Current challenges for HER2 testing in diagnostic pathology: State of the art and controversial issues

Anna Sapino, Margherita Goia, Daniele Recupero, Caterina Marchiò

Research output: Contribution to journalArticle

Abstract

HER2 overexpression and anti-HER2 agents represent probably the best story of success of individualized therapy in breast cancer. Due to the important therapeutic implications, the issue under the spotlight has been, since ever, the correct identification of true HER2 positivity on tissue specimens. Eligibility to anti-HER2 agents is strictly dependent on the demonstration of HER2 overexpression (by immunohistochemistry) or of HER2 gene amplification by in situ techniques (fluorescence in situ hybridization, FISH), however there are controversial issues involving cases with "equivocal" HER2 status based on conventional techniques (about 20% of specimens). In terms of HER2 expression a major debate is the presence of full-length and truncated forms of the protein and controversial clinical data have been reported on the therapeutic implications of these HER2 fragments. In terms of HER2 gene assessment, the occurrence of amplification of the chromosome 17 centromeric region (CEP17) has been proven responsible for misleading HER2 FISH results, precluding anti-HER2 based therapy to some patients. Finally HER2 activating mutations have been recently described as a biological mechanisms alternative to HER2 gene amplification. In this review we will focus on the controversies that pathologists and oncologists routinely face in the attempt to design the most tailored treatment for breast cancer patients. We will focus on the HER2 gene and on the protein, both at technical and interpretational levels.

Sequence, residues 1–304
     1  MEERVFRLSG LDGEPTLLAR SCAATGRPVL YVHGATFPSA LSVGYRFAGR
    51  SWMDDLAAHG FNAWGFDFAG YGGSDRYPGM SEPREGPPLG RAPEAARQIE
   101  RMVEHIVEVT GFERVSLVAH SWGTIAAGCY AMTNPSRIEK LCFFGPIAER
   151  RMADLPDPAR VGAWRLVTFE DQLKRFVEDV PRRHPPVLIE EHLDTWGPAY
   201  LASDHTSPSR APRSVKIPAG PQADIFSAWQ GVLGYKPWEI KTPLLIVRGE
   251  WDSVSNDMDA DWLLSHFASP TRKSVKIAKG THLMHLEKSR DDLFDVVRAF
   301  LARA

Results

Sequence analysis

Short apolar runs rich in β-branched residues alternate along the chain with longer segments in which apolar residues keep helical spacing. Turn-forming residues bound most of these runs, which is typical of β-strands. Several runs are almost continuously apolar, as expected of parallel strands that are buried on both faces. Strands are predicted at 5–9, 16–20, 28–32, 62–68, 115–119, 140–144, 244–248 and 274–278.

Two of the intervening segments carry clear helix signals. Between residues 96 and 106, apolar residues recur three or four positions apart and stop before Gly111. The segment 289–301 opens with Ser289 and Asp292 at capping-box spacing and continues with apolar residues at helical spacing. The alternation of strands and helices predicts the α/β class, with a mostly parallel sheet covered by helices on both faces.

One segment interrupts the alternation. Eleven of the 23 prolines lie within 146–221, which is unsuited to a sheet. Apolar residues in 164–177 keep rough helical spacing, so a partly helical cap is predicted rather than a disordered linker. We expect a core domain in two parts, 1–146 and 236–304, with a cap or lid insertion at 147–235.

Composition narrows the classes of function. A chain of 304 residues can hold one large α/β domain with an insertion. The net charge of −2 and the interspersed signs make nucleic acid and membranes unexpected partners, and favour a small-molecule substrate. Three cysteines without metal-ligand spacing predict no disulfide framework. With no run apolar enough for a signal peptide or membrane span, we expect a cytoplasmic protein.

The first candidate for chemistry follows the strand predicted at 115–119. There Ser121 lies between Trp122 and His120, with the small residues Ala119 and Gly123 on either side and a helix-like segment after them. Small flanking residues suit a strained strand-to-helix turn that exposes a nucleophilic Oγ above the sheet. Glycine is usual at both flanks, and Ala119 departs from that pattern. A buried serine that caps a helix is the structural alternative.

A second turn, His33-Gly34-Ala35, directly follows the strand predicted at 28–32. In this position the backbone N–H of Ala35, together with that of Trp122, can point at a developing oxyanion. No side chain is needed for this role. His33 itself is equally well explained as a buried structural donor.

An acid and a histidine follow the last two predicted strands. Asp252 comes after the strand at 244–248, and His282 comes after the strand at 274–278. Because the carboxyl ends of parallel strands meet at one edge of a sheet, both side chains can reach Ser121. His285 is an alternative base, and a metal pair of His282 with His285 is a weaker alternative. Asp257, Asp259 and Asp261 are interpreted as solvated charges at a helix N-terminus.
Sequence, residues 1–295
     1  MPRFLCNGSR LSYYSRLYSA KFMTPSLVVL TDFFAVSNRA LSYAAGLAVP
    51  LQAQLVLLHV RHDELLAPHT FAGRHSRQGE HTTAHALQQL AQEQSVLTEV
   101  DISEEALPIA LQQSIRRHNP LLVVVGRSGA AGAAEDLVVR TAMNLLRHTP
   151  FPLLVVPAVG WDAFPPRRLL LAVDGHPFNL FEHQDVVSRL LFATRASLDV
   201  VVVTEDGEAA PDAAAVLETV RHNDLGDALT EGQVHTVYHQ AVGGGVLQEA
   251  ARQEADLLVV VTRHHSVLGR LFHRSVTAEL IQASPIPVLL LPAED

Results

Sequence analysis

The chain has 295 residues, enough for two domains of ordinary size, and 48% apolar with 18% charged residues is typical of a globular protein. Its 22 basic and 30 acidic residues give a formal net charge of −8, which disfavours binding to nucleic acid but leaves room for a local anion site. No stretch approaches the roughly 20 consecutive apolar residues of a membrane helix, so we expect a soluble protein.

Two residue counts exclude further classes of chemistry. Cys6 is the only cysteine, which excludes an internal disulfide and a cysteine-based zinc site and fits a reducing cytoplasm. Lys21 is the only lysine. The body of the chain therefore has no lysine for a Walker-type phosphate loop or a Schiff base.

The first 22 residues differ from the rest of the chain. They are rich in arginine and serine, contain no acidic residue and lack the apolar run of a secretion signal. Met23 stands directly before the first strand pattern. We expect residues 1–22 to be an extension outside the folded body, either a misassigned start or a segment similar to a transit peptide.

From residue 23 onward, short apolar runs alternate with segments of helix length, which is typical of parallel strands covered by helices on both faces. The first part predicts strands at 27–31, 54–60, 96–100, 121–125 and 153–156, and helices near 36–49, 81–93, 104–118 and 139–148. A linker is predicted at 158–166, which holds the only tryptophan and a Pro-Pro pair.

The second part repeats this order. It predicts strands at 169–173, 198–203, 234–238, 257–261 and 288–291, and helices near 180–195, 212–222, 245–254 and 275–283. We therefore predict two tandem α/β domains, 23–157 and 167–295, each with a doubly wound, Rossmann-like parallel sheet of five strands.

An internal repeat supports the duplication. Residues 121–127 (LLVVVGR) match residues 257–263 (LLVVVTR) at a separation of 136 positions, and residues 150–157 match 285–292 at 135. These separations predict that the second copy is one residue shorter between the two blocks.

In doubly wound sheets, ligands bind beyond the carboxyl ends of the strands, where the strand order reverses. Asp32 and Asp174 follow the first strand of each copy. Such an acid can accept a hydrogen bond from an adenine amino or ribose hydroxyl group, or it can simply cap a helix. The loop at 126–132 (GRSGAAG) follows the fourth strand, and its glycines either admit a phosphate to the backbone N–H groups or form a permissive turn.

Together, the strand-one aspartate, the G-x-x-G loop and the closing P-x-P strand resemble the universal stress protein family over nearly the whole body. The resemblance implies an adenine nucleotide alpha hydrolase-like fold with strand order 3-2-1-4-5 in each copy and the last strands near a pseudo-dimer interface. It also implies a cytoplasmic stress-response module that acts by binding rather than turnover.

Original languageEnglish
Article number00129
JournalFrontiers in Oncology
Volume3 MAY
DOIs
Publication statusPublished - 2013

Keywords

  • CEP17 amplification
  • Diagnosis
  • HER2
  • HER2 mutations
  • Test
  • Therapy
  • Truncated HER2

ASJC Scopus subject areas

  • Cancer Research
  • Oncology

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